The Baltimore defense, meanwhile, set a new mark that went unnoticed, but speaks volumes about what the offseason focus should be for this Super Bowl contender. This past season was the first time the Ravens played an entire season without a first-round pick in their defensive front seven.
The days of Ray Lewis, Terrell Suggs and Haloti Ngata have given way to cheaper and later-round versions. So, with $30 million in cap space and a projected nine draft picks, the Ravens know they have to restock the defense in the same way they assembled the NFL's highest-scoring offense.
"That's really something that's going to be a target for us," coach John Harbaugh said. "The front seven, specific positions and skill sets within the front seven, are going to be really critical."
The Ravens allowed the fewest points (15.1) and yards (268.9) during their season-ending 12-game win streak, which was the result of defensive coordinator Don "Wink" Martindale and his staff getting the most out of their players.
In the last five years, only one of Baltimore's six first-round picks has been used on a defensive player (cornerback Marlon Humphrey). In free agency, the Ravens re-signed defensive tackle Brandon Williams to a five-year, $52.5 million deal in 2017, but the last front-seven defensive player from another team to get over $10 million in guaranteed money from Baltimore was pass-rusher Elvis Dumervil in 2013. The Ravens' focus has been building an explosive offense and a talent-laden secondary.
Safety Chuck Clark's three-year extension means four of Baltimore's top players in the defensive backfield have received new deals from the team over past two offseasons: cornerback Marcus Peters, nickelback Tavon Young, safety Earl Thomas III and Clark. (Humphrey just became eligible for an extension this year.)
This offseason, Baltimore has to devote some resources to adding pass-rushers (on the edge and interior) as well as a middle linebacker.
Edge rusher: The Ravens' probably don't have the cap room to pursue Jacksonville's Yannick Ngakoue (projected $17.1 million per year by Spotrac) or Tampa Bay's Shaquil Barrett ($15.7 million). There are less expensive options -- Dallas' Robert Quinn ($11.8 million), Buffalo's Shaq Lawson ($7.6 million) and Atlanta's Vic Beasley ($7.3 million) -- but Baltimore has more of a history of signing veterans in their 30s who are cap cuts (because that doesn't count against compensatory picks). That could make either Jacksonville's Calais Campbell (39.5 sacks over last four seasons) or Washington's Ryan Kerrigan (42.5 sacks since 2016) a top target for the Ravens. Both could be released over their high cap numbers.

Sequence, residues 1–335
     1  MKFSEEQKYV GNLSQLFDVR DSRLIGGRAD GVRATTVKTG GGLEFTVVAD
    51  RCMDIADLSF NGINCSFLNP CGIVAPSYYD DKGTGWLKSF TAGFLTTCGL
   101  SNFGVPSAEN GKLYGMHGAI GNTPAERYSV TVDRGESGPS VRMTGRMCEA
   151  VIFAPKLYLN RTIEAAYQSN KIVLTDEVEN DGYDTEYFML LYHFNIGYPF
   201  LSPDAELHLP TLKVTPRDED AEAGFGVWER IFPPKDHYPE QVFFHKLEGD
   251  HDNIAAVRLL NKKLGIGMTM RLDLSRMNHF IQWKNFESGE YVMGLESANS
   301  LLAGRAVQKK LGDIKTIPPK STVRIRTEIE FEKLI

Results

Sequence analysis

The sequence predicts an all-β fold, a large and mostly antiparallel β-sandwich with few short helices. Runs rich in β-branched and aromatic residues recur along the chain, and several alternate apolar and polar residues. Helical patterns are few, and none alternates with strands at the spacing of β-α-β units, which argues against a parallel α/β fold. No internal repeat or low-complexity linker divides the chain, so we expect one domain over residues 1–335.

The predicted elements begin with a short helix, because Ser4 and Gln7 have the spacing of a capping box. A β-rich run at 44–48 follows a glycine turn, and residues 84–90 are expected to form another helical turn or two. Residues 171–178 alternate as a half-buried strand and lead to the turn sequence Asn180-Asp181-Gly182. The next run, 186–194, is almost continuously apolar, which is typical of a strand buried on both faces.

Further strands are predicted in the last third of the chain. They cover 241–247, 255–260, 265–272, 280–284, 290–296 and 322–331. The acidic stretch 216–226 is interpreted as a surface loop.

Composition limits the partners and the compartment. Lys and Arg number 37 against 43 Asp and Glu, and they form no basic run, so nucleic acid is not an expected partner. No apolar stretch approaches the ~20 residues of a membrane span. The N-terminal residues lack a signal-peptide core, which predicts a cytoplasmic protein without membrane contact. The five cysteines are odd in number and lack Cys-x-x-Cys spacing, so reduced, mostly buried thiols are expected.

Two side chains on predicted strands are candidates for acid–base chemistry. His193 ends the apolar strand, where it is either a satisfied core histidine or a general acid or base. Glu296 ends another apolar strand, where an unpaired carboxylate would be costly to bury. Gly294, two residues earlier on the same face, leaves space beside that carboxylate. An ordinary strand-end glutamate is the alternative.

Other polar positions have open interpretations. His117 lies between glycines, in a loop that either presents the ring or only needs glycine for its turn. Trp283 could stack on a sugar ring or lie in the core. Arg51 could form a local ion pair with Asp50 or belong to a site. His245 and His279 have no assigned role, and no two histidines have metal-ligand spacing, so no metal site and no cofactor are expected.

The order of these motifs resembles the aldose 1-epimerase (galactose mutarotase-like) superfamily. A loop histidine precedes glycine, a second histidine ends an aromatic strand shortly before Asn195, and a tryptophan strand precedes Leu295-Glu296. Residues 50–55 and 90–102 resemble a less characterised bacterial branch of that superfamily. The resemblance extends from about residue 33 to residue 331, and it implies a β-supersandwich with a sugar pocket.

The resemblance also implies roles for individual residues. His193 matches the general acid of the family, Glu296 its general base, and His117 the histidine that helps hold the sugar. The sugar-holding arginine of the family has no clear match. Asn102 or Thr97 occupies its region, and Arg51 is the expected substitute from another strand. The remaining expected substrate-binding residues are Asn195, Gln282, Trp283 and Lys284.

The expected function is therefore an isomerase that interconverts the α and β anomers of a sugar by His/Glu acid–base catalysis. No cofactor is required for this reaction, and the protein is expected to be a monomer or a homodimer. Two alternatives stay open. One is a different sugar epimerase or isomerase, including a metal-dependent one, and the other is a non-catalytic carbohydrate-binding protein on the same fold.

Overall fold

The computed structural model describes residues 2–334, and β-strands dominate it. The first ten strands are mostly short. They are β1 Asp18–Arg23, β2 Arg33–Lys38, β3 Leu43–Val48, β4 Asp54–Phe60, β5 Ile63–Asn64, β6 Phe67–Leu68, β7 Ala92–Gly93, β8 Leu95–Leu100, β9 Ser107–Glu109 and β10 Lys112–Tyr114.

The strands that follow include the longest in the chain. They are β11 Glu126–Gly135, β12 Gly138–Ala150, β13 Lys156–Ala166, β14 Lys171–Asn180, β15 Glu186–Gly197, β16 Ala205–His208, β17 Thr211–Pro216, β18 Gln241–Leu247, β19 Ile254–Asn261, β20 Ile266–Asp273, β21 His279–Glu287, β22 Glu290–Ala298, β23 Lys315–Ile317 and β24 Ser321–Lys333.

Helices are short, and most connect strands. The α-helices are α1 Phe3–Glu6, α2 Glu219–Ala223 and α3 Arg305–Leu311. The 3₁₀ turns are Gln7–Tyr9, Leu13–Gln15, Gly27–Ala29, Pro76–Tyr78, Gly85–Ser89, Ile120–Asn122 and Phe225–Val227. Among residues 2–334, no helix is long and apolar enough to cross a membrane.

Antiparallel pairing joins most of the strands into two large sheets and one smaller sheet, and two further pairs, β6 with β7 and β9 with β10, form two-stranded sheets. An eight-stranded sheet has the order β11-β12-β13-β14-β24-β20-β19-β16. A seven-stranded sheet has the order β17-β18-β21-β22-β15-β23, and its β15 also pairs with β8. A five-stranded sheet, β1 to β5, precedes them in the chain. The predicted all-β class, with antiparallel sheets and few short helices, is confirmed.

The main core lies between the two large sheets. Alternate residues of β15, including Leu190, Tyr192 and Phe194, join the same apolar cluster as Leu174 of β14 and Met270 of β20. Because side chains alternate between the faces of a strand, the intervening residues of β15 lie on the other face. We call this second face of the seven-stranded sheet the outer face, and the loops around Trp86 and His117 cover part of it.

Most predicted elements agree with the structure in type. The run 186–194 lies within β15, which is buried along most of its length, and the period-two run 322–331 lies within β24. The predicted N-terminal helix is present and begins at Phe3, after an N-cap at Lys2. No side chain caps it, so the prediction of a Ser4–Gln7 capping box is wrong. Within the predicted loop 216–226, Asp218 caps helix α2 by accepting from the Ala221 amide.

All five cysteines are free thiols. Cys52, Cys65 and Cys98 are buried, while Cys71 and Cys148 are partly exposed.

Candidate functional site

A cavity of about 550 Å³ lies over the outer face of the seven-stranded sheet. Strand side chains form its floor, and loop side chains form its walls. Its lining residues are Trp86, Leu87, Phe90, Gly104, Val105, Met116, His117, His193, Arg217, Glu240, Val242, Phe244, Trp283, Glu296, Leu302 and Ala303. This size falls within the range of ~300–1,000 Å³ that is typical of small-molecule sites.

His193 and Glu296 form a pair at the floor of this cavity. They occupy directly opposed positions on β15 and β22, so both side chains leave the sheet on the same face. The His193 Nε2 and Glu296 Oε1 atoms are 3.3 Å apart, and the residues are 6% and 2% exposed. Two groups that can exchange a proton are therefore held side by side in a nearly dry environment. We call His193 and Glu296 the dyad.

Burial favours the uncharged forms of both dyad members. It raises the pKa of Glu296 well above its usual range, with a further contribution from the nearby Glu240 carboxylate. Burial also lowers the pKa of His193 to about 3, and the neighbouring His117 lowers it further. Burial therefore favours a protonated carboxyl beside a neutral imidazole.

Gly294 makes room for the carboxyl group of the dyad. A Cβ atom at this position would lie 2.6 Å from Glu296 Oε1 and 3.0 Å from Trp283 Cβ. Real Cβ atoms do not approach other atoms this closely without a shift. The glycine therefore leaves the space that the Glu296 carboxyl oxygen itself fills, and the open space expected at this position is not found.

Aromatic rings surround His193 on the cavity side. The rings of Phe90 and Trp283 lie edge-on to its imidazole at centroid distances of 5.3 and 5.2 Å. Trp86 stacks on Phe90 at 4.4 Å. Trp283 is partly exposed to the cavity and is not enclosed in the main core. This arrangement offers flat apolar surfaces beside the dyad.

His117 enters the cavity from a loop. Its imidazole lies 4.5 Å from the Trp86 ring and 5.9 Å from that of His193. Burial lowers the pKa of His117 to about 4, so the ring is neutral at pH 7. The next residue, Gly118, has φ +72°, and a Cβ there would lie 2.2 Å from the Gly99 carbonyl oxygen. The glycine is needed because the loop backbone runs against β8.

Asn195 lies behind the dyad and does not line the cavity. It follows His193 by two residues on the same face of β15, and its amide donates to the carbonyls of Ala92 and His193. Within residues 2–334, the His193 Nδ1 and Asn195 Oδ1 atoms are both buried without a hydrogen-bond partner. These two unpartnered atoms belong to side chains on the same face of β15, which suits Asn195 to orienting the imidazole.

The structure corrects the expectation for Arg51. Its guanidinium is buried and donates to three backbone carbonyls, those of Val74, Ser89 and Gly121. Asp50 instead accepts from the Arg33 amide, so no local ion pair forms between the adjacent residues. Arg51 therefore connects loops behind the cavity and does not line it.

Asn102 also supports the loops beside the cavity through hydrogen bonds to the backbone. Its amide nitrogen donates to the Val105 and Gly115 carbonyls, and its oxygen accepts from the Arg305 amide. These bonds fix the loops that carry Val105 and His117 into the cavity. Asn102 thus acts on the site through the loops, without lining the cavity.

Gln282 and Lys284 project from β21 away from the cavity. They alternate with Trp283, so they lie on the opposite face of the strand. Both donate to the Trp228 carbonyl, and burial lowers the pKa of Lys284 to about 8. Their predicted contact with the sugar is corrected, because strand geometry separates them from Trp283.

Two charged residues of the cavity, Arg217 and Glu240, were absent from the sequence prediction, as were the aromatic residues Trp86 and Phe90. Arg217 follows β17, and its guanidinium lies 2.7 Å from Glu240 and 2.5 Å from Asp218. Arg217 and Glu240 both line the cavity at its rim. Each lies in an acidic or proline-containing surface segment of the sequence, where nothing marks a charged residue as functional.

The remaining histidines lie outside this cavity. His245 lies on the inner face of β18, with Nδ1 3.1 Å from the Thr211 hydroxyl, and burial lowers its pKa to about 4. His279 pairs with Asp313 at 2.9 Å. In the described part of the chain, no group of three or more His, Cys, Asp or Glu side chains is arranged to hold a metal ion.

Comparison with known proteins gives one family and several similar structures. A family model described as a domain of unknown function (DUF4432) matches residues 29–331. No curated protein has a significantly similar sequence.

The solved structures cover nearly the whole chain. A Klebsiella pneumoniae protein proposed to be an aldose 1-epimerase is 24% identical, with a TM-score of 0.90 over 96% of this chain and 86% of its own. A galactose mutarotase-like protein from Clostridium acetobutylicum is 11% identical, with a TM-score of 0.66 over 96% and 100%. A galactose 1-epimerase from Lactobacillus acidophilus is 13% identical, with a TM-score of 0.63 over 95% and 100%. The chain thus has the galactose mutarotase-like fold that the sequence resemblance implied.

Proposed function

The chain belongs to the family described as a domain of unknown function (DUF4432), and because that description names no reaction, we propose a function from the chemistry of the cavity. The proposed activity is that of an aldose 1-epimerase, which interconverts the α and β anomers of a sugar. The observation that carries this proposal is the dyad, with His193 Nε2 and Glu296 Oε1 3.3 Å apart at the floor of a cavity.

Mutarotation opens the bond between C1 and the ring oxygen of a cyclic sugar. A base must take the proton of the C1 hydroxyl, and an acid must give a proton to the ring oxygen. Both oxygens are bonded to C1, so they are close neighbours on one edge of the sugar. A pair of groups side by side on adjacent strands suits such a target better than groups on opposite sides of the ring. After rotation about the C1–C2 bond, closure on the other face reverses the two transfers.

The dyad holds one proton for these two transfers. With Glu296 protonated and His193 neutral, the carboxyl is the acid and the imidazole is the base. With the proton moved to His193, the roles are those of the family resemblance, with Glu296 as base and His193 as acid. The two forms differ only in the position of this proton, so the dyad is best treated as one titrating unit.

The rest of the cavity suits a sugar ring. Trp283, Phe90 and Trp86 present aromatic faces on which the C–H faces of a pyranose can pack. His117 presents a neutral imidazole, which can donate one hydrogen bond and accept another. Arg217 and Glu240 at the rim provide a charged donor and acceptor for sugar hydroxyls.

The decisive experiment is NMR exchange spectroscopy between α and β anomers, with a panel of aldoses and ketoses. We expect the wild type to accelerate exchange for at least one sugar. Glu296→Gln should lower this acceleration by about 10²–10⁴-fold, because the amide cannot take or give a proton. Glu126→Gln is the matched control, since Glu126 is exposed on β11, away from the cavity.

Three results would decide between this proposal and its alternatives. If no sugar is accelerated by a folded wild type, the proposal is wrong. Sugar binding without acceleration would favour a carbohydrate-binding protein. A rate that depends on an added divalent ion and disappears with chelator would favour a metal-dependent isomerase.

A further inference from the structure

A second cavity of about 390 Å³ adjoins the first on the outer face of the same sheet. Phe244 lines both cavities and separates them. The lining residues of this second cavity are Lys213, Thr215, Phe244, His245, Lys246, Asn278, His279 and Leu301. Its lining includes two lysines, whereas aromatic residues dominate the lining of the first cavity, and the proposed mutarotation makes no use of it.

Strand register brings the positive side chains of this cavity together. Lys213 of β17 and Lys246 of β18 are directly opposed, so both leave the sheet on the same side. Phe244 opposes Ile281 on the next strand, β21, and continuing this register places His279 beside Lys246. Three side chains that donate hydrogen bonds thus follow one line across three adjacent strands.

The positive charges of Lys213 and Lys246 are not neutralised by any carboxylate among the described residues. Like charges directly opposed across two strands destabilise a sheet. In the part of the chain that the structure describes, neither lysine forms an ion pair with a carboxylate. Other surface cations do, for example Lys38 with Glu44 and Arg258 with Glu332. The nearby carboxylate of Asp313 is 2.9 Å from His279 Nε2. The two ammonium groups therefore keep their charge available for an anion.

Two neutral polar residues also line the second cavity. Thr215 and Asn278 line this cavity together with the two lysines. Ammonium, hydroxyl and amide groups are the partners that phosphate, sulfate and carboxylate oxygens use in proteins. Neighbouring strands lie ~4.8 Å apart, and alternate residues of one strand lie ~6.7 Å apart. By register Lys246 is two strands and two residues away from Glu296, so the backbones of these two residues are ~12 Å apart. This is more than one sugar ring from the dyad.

Interior rushers: Baltimore didn't get enough pressure up the middle from Williams (one sack, five QB hits), Michael Pierce (one-half sack, three hits) and Jihad Ward (one sack, four hits). The Ravens attempted to address this last year when they tried to sign Gerald McCoy, who instead went to Carolina. With McCoy a free agent again, could team officials lure him to Baltimore this time?
Other potential fits include Denver's Derek Wolfe and the Los Angeles Rams' Michael Brockers. In the draft, Baltimore might consider Oklahoma defensive tackle Neville Gallimore at the bottom of the first round.
Middle linebackers: The prevailing feeling is Baltimore will fill the void here through the draft. The popular pick in current mock drafts is Kenneth Murray, whose nonstop motor would make him a great fit in this defense. He would also continue the Oklahoma to Baltimore pipeline. The Ravens have a strong history when drafting middle linebackers in the first round. The two selected in the first round by the Ravens -- Lewis and C.J. Mosley -- have combined for 17 Pro Bowls. After Patrick Onwuasor failed to replace Mosley, Baltimore understands this position can't be filled by just anyone.
It's not that the Ravens have ignored the defense. Baltimore put the hard sell on McCoy last year and tried to get edge rushers like Clay Matthews and Justin Houston. The Ravens would've jumped at the chance of drafting Brian Burns if he fell to them at No. 22 overall (Burns went to Carolina six picks earlier).
This forced the Ravens to get creative, shifting Clark to inside linebacker at times. But they have to improve upon a front seven that showed some cracks. Baltimore allowed 4.39 yards per carry (21st in the NFL) and produced nine sacks with a four-man rush (last in the league). This is why the Ravens blitzed more than any team in the NFL.
For over two decades, the Ravens' identity has been based on defense. Baltimore took pride in shutting down offenses, no matter the personnel. Much of the Ravens' success on defense came from the investment placed in it. It's time for Baltimore to boost the defense beyond the secondary.
"We know with our scheme and the way that we get attacked, we know the kind of player that we want," Harbaugh said of the defensive front seven. "So it'll narrow the focus even more, both in free agency and the draft, and we'll try to get two or three guys, maybe four."